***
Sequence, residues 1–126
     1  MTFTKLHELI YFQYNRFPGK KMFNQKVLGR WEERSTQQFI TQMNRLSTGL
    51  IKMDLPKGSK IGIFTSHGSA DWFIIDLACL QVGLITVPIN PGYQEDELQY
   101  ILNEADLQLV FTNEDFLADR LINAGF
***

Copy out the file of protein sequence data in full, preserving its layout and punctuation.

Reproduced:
Sequence, residues 1–126
     1  MTFTKLHELI YFQYNRFPGK KMFNQKVLGR WEERSTQQFI TQMNRLSTGL
    51  IKMDLPKGSK IGIFTSHGSA DWFIIDLACL QVGLITVPIN PGYQEDELQY
   101  ILNEADLQLV FTNEDFLADR LINAGF